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the midmarket and our brand is well-positioned to do that. these types of customers will lead our expertise and our own and operated infrastructure to run the companies and we have great penetration there with a great amount of growth as a result. i don't think it is a weakness. i think that networking is getting more and more important, mobile and next. it is more of a pivot on technology and how we are positioning ourselves to line up against it. emily: all right, john, great to have you here on the show, thank you for taking the time. all right, coming up, a probe into one of teslas highest ranking executives in a number of them he's already fired according to -- number of employees already fired. the scoop from our own ed ludlow, next. this is bloomberg. ♪
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emily: one of the top lieutenants of elon musk is now the focus of an internal investigation. according to bloomberg sources they are looking into afhsar for his role into purchasing hard to get supplies that were not for tesla. ed ludlow broke the story, who is -- he is with us now. so, who is this and what did he do? ed: he's the elon musk right-hand man.
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he got promoted to be the director of the project of the office of the sea and more recently he has overseen the construction of the austin plant and now production is taking place there and according to sources internally, finance group, legal and audit, they are looking at a procurement order for glass. they wanted to know what it would be used for and if afhsar knew about it or not and ultimately according to sources one of the questions being asked is if the glass would be used by elon musk for personal use. not for the construction of tesla or their own construction. emily: what are we thinking, was this for an outside secret project or a secret project for the ceo? ed: we don't know. sources tell us that omead afshar told some employees to generate the order and told them that it was literally for a secret project. beyond that we don't have much more information. we know that it was generated earlier this year and that the consideration of suspicion around it has been in place for a number of months, first through the internal auditing team and more recently the head of legal themselves who have been looking into it and the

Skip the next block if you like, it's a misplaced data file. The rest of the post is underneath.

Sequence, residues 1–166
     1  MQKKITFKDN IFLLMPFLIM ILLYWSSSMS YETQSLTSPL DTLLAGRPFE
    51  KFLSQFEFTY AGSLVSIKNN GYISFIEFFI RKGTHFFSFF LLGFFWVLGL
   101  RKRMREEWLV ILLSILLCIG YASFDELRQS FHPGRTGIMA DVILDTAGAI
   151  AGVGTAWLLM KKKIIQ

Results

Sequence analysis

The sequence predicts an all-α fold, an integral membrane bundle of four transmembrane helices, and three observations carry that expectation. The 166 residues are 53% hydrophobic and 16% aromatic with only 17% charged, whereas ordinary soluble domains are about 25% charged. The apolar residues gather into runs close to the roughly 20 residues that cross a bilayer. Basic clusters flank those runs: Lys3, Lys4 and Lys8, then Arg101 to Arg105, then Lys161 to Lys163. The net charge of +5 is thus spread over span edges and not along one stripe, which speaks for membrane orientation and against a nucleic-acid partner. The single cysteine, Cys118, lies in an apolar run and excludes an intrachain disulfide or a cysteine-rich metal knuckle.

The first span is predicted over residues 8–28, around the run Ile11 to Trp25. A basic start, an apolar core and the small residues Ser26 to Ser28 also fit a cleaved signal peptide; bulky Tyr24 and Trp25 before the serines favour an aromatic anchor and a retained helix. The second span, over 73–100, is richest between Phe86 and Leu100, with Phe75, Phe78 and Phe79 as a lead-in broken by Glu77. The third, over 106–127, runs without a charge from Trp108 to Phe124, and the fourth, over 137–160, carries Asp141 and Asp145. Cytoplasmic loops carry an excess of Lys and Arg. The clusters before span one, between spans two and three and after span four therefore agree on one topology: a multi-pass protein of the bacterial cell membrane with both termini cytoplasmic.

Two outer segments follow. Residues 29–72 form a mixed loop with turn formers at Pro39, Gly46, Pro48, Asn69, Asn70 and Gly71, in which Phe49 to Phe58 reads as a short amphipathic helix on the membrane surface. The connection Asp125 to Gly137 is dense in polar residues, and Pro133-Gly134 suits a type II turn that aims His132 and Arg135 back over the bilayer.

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involvement of omead afshar. emily: a number of other employees have already lost their jobs over this. is omead afshar, you know, is he going to keep working at the company? go on a leave of absence? ed: according to sources we have been told that people have been fired and connection to this and that the consideration right now is that omead afshar will be put on a leave of absence. we don't have timing on that and we did of course ask elon musk and tesla representatives for comment and you haven't heard anything back. frankly, we don't know the position of tesla on this, or the latest that it could be happening as of this afternoon, but that is what our reporting revealed. emily: ed ludlow, big scoop from you on this. we will continue to follow your reporting.
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coming up, amazon takes a bigger step into health care. and setting up a health tech showdown with other big tech giants. later, a coinbase product manager arrested in an insider trading scheme. details on that in the don't report. -- crypto report. this is bloomberg. ♪
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emily: welcome back.
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this week, apple published a report. amazon has been developing its own health care presence over the last few years. amazon has announced buying one medical. it operates medical offices in 25 markets across the united states. we have known about amazon's health-care ambitions. why is amazon buying one medical? >> this is the third biggest deal after whole foods and mgm. amazon gets access to hundreds of thousands of customers. this is amazon trying to make its mark and pushing into health care in a big way. they bought pill pack. this is them getting deep into the primary care market. the deal took some people by surprise, but i think knowing how good amazon is with manipulating data and analyzing
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it, it will be interesting to see what they do with one medical, how they use the whole foods channel, if they combine those things to offer memberships or services where you could get blood pressure checks at whole foods or something like that the way you can return an amazon package at whole foods. emily: for one medical customers, what's going to change? >> there aren't many details we know so far. we know that one medical had been burning cash. the stock was on a roller coaster.